A Pregnant Silence

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A Pregnant Silence

(Written a while back. I’m now 38 weeks.)

The internal debate–do I write about myself or politics? Neither is easy but the former is more meaningful at the moment. Here we go. 

I’m pregnant. We didn’t do any big announcement this time around. Like every other time, we told our immediate family first then a few close friends. The news trickled beyond bit by bit. And the first time many heard of it was when they saw a picture on Facebook that a friend so graciously asked permission to post. After all, her pic would be the first public declaration which was no declaration at all. 

Compared to when I was pregnant with our now 22-month-old daughter, we’ve been sort of silent. 

But aren’t we happy?

Aside from the day I verified that I was pregnant via a standard prego test, I don’t remember being happy about this pregnancy until this last Monday. I don’t remember where I was or what I was doing. I do remember that the feeling came as a surprise. The words “I’ll be sixteen weeks tomorrow” danced in my head accompanied by internal and external smiles. And then as we went for our regular morning walk the following day, I said to Justin, “Sixteen weeks today.” There was a contentment in those words that I had yet to know this time around. 

And since then, I’ve realized that for almost 15 weeks I was very afraid, afraid of losing yet another baby. 

This is pregnancy number four. I know women with more losses than me. This is real life. And until you experience it for yourself, chances are high that you’ll never know to think it. And that’s not 100% your fault. Miscarriage has been swept under rugs for years, just ask your parents or aunts and uncles or grandparents. My unscientific guess is that there are at least 6 miscarriages between your birth and your grandparents’ union. At least 6. And there are also stories of trying, trying, trying…no prego. And there may be a still birth. And if not in your family, certainly in a family you know very well.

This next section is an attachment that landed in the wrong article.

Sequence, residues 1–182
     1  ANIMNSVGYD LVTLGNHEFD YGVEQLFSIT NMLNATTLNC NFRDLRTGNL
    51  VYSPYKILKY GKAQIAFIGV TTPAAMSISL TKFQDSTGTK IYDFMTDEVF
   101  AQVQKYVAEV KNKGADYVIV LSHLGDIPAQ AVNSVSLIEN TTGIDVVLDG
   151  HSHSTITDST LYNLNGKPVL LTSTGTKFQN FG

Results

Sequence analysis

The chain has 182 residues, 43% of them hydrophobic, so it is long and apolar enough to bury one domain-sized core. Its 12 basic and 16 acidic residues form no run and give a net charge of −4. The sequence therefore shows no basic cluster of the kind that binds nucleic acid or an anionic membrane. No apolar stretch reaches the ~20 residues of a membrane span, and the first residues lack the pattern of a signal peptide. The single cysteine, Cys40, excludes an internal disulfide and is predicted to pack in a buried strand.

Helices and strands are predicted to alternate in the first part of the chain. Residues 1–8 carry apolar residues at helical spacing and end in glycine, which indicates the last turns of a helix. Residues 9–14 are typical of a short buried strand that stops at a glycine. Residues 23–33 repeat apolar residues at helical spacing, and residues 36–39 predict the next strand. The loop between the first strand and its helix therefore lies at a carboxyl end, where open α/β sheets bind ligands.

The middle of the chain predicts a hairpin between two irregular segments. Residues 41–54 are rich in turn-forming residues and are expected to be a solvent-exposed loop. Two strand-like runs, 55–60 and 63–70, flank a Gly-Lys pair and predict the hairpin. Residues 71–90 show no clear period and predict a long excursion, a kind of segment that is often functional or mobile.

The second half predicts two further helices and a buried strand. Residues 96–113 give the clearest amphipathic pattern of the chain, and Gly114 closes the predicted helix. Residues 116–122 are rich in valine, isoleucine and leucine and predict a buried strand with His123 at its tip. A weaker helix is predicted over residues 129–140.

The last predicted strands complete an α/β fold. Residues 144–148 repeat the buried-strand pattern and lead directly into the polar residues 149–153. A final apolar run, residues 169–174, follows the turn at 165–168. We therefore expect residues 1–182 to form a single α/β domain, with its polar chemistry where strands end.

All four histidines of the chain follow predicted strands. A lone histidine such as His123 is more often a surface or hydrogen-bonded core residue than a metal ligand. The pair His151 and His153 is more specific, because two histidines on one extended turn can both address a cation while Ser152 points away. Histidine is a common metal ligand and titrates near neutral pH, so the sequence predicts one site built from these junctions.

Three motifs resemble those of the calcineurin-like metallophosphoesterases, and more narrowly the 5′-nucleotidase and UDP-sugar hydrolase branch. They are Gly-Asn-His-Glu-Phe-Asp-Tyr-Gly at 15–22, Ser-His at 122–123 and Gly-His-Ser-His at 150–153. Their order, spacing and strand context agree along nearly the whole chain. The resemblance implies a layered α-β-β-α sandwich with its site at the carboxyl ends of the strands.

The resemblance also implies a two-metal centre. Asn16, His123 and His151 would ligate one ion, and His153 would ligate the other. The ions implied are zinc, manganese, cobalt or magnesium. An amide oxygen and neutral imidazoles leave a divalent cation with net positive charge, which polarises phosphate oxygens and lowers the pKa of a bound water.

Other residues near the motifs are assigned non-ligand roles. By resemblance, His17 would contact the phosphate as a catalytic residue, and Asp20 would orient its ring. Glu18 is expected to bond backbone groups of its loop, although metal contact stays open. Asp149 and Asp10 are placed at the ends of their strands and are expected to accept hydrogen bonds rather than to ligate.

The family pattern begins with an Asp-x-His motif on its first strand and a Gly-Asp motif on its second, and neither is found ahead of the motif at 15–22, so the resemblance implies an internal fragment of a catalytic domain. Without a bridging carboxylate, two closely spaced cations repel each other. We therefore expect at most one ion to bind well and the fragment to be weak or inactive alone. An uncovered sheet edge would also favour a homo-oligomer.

But that’s enough of that. I’m not here to talk about your reality (even though I do want you to be fully informed…so ask your relatives). I’m here to talk about mine. 

On Friday, I had a checkup. The nurse used the doppler. Now, I’ve experienced this simple tool before, twice during this pregnancy. And both times have been a heartbeat finding expedition. It’s been awful. In those moments of uncertainty during the second hunt, I fully mapped out my options: curse God and never try again or “just roll” with it. The former felt more genuine. 

But on Friday, there wasn’t even time to process all that. The probe touched my belly and there she was, crisp as ever, 166 bpm, my little girl #2. 

It was a good morning. 

But pregnancy isn’t always good. I’m grateful to be able to carry this little girl. I’m hopeful that she’ll stay put full term. But pregnancy isn’t always good. And about a month ago, I finally owned up to my unrealistic expectations. I’ve wanted to be one of those happy pregnant women, the kind who glow all 40 weeks long, rub on their bellies like it’s gold, walk around so stately. I actually don’t know of any who are that happy but that’s the video in my head that’s been playing and it needs to stop. 

That plus miscarriage fear has kept me quieter than I’d ever imagine. And after I post this, I may go quiet again. I don’t write for sympathy–I write for attention. I want more of you to know this stuff so that you don’t step into parenthood blindly and so that you’re more understanding when someone’s been married for 5 years, no baby. Or when they have a 4yrold with no sibling on the way. Maybe they don’t want children or they’re done (those are options, too). Or maybe they’ve tried. And tried. 

I’m honestly not here to make you feel guilty about questions you’ve asked or assumptions you’ve made. That’s wasted energy on my end. We all say things we shouldn’t say and often from an absolutely loving heart. I’m here to inform. Please listen. 

One thought on “A Pregnant Silence

  1. This was a lovely read. Never experienced infertility or a miscarriage but I can only imagine how much one can dread that awful conversation about having kids.

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